MySource Matrix CMS

Recently I had some discussion with a representative in Tasmania for Squiz, the company which developed and sells support for its flagship Content Management System called MySource Matrix. Squiz have offices in London, Sydney (Australia) and Canberra (Australia) and are looking to open offices in several other Australian capital cities in the near future. A ten minute look through their prestigious portfolio of Squiz sites revealed not only high profile sites like Burke’s Backyard and the Royal Botanic Gardens in Sydney but also a swathe of government websites like the Office of Children & Young People.

The discussion involved a brief mention of standards on my part and the reply surprised me somewhat in that obviously there was a lack of true understanding on the representative’s part about what web standards, accessibility and therefore usability entailed. This also reflected a misunderstanding that accessibility validators are definitive tools for gauging accessibility. In fact they’re only tools that point out some issues and it’s really up to the individuals to do a lot of the manual checking. Simply stating that the highest validation checking is done, whether it is or isn’t, is only a part of the accessibility side of building websites.

Following this meeting and out of curiosity about the web standards question I’d posed, as I mentioned earlier, I went to the Squiz site and checked out their design portfolio. There’s a section there that’s identified as W3C Compliancy for the Web. Considering the DOCTYPE is only HTML 4.01 Transitional not one site actually validates with the W3C Validator or their CSS Validator (with no errors or warnings). The worst was the New South Wales Office of Drug and Alcohol Policy which displayed a whopping 132 errors in the HTML validator and some six errors and multiple warnings in the CSS validator.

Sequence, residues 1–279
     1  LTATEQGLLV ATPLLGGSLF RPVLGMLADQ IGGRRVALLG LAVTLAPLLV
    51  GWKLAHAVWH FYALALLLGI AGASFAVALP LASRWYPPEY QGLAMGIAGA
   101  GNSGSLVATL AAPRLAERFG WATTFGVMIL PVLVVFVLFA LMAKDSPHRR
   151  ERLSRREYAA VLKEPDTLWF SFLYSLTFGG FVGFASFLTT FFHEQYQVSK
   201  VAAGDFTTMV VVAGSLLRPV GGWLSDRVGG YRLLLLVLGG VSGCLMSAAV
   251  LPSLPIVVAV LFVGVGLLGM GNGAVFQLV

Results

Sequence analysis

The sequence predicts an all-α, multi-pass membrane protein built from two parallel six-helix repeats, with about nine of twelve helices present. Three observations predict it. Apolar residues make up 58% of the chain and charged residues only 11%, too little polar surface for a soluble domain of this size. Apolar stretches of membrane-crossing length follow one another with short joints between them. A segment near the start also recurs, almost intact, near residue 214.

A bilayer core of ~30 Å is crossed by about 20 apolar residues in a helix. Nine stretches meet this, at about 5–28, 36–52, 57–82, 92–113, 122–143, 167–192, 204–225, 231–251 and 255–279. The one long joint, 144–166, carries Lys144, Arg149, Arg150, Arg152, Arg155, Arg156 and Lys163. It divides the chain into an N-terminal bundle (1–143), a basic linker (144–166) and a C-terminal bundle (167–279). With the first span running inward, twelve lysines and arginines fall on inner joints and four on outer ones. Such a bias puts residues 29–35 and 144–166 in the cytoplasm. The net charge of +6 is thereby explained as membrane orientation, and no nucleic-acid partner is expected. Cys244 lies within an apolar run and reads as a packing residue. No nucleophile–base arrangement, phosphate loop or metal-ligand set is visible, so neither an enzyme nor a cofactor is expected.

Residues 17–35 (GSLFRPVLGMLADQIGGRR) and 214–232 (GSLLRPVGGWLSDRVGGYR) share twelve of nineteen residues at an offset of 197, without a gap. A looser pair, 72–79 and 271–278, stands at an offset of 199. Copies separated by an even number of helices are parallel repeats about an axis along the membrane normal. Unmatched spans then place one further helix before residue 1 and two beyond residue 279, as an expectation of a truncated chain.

As a web standards guy I have to wonder with large government departments adopting such software whether they really do understand the implications of creating sites that aren’t future compatible and which aren’t standards compliant beyond having a very loose declaration like HTML 4.01 Transitional (which they still fail to validate). Surely, from the position of initially designing and developing a CMS it would be important to make it the best that they can and at least try to hit a higher bar if only for the sake of it not needing to be overhauled in the short term. Economically speaking it would have to be more profitable to make their CMS right the first time.

Putting a DOCTYPE on your page doesn’t mean it’s standards compliant - if it doesn’t validate you haven’t got a standards compliant site. It’s that simple. If it does validate then you start to look at other issues like what you can do to make your site more accessible and usable and other validators help. The big fix is simply getting someone who knows this stuff to work in-house on a contract to fix these coding anomolies properly.

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